The contested role of sport in wartime.
War remembrance and sport have become increasingly entwined in Australia, with AFL and NRL Anzac Day fixtures attracting larger crowds than dawn services. National representative teams travel halfway around the world to visit battle sites etched in military folklore. To validate their integration into this culturally sacred occasion, promoters point to the special role of sport in the development of the Anzac legend, and with it, the birth of the nation. The air of sombre reflection that surrounds each Anzac Day is accompanied by a celebratory nationalism that sport and war supposedly embody.
But what exactly is being remembered, and indeed forgotten, in these official commemorations and tributes? In Not Playing the Game, Xavier Fowler reveals that the place of sport in the Great War was highly contested. Civilian patriots and public officials complained that spectator sport distracted young men from enlisting and wasted public finances better spent elsewhere. Sport's defenders argued it was a necessary escape for a population weary of the pressures of war. These competing views often reflected differences of class, politics and ethnicity, and resulted in ferocious, sometimes violent, clashes.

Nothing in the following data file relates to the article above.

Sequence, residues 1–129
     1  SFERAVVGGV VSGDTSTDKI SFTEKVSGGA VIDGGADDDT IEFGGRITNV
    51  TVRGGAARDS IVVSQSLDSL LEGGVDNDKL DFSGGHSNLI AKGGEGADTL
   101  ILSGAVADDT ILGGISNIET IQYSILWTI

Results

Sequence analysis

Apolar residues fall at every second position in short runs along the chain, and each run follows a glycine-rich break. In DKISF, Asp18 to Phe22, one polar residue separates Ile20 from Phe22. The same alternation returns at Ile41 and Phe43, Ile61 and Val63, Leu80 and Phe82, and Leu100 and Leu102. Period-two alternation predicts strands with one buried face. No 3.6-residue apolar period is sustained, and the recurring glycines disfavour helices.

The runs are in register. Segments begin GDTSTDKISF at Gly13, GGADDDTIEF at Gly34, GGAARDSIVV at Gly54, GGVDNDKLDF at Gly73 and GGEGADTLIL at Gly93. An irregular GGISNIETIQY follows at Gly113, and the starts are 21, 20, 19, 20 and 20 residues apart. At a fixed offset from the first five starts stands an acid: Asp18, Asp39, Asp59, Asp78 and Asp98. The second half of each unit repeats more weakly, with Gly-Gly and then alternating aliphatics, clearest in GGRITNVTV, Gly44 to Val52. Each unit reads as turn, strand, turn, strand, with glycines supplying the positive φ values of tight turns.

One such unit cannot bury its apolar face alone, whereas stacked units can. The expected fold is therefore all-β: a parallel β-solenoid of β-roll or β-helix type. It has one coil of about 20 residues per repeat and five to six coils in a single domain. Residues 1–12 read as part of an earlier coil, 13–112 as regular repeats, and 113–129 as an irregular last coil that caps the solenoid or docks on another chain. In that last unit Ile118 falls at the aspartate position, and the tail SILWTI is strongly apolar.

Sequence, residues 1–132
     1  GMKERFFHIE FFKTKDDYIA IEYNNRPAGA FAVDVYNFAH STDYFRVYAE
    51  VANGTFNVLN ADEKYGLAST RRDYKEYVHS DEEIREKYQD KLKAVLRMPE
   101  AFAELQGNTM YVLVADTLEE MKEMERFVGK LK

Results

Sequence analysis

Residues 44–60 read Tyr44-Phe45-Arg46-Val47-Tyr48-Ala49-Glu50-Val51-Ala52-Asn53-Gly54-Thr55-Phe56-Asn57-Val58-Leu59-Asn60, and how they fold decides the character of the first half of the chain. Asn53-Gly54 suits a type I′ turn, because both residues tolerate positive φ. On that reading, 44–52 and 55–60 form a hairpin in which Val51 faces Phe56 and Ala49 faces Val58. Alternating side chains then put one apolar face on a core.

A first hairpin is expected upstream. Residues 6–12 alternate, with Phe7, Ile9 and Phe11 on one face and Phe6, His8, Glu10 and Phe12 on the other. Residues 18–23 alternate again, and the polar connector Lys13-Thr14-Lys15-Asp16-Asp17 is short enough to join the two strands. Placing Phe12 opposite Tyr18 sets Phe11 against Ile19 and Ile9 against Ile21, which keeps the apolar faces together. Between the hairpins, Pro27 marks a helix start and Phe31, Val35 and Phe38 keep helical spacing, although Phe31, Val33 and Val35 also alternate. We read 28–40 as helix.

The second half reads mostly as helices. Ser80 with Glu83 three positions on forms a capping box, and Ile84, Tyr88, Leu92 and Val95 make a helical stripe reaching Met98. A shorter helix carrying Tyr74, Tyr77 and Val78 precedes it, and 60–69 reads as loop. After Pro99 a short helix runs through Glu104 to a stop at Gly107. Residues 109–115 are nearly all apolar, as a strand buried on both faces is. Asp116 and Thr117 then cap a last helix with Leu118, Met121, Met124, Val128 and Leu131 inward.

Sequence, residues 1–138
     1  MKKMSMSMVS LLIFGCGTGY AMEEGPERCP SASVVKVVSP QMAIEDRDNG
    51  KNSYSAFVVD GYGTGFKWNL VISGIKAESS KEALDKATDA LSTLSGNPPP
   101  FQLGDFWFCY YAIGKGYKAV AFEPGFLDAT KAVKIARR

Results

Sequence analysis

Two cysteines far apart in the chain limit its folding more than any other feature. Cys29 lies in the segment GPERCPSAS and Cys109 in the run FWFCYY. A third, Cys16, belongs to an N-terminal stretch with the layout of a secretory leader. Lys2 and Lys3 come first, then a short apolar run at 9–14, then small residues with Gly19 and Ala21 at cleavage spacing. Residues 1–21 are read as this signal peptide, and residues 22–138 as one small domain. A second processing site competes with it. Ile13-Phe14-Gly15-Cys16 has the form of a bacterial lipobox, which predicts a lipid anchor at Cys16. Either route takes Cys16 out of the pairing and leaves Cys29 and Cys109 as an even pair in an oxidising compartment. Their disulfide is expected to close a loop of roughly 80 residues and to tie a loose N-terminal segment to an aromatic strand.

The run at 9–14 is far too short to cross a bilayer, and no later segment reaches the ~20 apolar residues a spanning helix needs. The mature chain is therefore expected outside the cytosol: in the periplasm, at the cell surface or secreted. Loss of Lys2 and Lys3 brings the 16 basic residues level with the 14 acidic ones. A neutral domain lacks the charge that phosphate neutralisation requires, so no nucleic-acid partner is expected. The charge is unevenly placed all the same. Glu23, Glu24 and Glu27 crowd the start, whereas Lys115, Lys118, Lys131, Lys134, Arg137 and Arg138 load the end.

Not Playing the Game challenges the way our memories of the war are influenced by the fervour of sport, painting a picture not of triumph but immense turmoil and tragedy.